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“John Marshall’s externship program offers quality field placements that develop professional and practical skills while ensuring  successful and meaningful on-the-job performance.” Paul Nam, Graduate (’12)

Patrice Fulcher

Patrice A. Fulcher

Associate Professor

pfulcher@johnmarshall.edu

404-872-3593 Ext. 128

Education

B.A., Howard University
J.D., Emory University School of Law

Courses Taught

Criminal Law; Legal Research, Writing & Analysis I, II & III; Pretrial Practice & Procedure; Trial Advocacy; Criminal Procedure, and Integrated Criminal Practice

Career Highlights

SSRN Papers

Professor Patrice A. Fulcher is a tenured Associate Professor at Atlanta’s John Marshall Law School (AJMLS). She is the first Black female professor at AJMLS to receive tenure since the law school’s inception in 1933. She primarily teaches Criminal Law and Criminal Procedure and advanced classes for the Honors Program in Criminal Justice, yet she is also proficient in teaching all trial advocacy and legal research and writing courses. Professor Fulcher has served AJMLS and the legal community by organizing and chairing the AJMLS Fred Gray Social Justice Seminar and also by working on numerous faculty committee appointments. She also serves as the faculty advisor for the Latin American and Caribbean Law Students Associations. In 2011, Professor Fulcher was formally recognized for her outstanding and impactful service to both the law school and legal community when she was awarded the AJMLS Community Service Award.

Professor Fulcher’s scholarship focuses on issues surrounding the Prison Industrial Complex; prison privatization, the exploitation of prison laborers, the effects of the utilization of prison video visitation systems, and other profiteering schemes that benefit from mass incarceration in the U.S. She has dedicated her entire career to the fight for equality of all disenfranchised people, and quality representation for the poor.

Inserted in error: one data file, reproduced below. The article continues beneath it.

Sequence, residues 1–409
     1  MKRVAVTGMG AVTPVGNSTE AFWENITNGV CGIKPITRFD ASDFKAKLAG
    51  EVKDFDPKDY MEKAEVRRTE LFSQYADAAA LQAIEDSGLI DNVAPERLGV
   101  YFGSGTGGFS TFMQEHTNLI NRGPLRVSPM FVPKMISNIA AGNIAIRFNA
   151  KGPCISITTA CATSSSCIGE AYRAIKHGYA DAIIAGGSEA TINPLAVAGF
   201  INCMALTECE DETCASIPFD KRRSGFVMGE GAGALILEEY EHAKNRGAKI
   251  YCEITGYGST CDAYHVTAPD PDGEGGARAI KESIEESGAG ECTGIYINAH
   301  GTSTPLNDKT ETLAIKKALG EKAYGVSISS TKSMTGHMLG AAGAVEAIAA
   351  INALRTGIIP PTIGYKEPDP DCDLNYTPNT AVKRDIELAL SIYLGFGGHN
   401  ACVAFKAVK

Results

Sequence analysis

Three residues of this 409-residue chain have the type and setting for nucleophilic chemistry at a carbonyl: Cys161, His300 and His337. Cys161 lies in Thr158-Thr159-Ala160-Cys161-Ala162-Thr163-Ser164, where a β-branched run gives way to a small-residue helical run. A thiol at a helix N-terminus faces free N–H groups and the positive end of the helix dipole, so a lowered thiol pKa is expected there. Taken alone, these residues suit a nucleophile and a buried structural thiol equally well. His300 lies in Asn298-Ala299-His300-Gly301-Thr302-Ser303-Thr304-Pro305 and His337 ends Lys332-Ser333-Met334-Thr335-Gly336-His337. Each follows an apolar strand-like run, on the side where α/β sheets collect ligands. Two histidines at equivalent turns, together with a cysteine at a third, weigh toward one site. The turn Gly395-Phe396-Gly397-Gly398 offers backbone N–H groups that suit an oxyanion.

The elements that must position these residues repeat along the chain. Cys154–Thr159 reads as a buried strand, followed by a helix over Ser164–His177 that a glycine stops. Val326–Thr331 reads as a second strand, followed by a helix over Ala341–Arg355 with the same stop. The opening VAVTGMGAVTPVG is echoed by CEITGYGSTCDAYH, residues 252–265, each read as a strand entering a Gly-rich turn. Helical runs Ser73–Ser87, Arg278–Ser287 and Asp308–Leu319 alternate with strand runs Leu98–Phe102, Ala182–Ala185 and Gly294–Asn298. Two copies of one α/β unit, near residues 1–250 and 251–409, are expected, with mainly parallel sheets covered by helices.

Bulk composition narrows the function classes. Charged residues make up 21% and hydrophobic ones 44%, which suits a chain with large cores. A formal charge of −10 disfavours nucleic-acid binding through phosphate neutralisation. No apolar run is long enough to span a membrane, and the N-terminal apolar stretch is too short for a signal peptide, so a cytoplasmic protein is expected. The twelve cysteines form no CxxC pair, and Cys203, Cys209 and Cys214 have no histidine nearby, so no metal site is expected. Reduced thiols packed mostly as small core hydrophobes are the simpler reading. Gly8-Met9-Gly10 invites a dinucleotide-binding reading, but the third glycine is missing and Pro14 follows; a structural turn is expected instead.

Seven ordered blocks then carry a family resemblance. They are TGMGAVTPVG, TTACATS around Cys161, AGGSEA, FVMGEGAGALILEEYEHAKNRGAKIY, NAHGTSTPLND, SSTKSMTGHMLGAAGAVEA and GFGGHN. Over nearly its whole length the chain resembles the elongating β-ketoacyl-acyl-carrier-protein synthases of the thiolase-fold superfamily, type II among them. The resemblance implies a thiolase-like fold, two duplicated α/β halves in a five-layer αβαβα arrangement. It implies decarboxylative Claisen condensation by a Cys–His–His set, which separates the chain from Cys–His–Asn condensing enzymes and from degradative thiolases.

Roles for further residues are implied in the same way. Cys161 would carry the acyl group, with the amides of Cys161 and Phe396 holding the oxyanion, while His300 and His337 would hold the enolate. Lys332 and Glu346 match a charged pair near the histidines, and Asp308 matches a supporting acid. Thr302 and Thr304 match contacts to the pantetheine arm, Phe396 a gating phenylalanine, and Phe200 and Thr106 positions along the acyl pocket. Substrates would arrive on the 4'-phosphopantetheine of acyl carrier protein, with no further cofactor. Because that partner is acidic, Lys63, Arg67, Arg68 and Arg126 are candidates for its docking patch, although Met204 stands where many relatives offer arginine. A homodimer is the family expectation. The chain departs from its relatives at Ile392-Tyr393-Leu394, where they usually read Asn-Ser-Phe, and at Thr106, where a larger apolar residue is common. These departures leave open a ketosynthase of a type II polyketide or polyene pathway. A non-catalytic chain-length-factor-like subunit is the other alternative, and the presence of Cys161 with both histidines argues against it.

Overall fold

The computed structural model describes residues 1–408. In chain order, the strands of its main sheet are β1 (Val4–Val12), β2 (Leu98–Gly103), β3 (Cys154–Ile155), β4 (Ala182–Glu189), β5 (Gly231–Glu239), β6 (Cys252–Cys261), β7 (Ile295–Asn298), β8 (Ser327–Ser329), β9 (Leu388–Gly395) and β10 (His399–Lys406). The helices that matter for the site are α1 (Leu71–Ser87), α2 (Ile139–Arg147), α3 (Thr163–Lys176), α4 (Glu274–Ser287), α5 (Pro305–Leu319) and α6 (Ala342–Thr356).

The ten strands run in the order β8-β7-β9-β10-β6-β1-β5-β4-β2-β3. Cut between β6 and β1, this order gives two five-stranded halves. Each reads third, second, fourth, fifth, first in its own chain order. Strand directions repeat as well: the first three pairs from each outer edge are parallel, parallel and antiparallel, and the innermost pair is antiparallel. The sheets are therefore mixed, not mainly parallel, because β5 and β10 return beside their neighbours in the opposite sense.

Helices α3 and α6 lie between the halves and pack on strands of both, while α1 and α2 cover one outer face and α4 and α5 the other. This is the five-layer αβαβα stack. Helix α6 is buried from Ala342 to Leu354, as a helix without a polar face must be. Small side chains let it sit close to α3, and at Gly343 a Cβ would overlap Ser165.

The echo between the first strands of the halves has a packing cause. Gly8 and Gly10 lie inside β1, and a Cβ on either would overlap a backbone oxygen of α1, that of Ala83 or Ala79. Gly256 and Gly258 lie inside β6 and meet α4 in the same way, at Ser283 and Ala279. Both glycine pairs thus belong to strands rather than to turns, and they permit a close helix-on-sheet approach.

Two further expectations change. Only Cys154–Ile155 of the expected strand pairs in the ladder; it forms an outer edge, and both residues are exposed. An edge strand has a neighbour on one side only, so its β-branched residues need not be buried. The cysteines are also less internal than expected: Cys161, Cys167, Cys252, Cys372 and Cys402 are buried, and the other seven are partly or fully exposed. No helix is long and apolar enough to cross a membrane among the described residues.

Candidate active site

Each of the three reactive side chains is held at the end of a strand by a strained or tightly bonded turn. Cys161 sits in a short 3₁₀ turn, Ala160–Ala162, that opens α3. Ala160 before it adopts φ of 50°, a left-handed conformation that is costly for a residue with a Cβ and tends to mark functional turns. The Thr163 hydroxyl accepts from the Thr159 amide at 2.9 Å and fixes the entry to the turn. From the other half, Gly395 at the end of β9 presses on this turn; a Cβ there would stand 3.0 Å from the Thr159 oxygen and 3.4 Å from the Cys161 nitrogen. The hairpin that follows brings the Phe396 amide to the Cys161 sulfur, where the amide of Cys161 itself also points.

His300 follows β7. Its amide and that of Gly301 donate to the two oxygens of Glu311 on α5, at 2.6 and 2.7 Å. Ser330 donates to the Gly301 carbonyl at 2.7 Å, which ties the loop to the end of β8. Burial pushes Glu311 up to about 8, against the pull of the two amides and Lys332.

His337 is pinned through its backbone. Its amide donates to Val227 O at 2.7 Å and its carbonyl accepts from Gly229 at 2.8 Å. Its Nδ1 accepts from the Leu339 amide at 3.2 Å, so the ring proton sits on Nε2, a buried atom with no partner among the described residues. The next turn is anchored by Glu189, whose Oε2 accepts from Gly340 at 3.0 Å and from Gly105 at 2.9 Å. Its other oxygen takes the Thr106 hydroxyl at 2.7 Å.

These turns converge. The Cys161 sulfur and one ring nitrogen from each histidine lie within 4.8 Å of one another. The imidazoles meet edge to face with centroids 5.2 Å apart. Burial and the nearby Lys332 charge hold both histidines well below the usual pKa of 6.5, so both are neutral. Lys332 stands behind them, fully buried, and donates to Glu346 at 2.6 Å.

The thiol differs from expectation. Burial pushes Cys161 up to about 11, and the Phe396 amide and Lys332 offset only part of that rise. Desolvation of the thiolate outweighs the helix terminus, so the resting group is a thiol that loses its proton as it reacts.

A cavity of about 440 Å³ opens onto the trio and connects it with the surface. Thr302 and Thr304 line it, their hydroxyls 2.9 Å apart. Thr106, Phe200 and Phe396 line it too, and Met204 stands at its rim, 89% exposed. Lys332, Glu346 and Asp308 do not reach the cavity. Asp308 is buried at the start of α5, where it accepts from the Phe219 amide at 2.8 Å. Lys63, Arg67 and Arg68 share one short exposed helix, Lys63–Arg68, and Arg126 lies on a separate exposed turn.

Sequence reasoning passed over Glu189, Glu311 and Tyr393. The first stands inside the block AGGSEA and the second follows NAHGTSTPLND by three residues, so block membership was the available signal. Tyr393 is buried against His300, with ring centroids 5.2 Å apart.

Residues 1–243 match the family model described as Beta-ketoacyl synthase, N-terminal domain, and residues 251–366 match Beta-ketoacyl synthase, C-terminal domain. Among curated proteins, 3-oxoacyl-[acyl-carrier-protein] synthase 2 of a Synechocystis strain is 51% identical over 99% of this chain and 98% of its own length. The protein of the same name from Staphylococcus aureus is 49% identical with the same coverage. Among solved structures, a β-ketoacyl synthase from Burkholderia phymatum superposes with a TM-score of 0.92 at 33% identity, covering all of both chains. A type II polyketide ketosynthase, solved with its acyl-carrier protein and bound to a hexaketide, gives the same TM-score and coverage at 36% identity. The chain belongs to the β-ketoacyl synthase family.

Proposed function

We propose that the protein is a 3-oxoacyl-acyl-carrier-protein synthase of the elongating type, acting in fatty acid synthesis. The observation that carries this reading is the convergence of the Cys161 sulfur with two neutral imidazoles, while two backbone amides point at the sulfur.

Prior to joining AJMLS in 2007, she served as a Senior Staff Attorney for the Georgia Capital Defender and the Fulton County Public Defender offices. She was a Senior Staff Attorney for the Fulton County Conflict Defender, and worked in the Felony Trial Division of the Georgia Indigent Defense Council. She has successfully represented indigent clients facing the death penalty as well as all other major felony and misdemeanor offenses. Additionally, Professor Fulcher has provided representation and research for abused and neglected children with the DeKalb County Georgia Juvenile Court, and litigated against unconstitutional jail conditions and practices with the Southern Center for Human Rights.

She is a core instructor for Gideon’s Promise (formerly known as The Southern Public Defender Training Center), and has been a litigation instructor for The Kentucky Death Penalty Institute, The Mississippi Office of the State Public Defender Training Division, The Georgia Public Defender Standards Council, The Fulton County Public Defender Office, and the American Bar Association NACDL National Defender Training Program. Professor Fulcher has lectured extensively on mass incarceration and the Prison Industrial Complex across the U.S. (including the Commonwealth of Puerto Rico), the erosion of the 4th Amendment, capital defense, juveniles charged as adults, client-centered representation, successful defense trial investigations, and effective storytelling techniques for public defenders.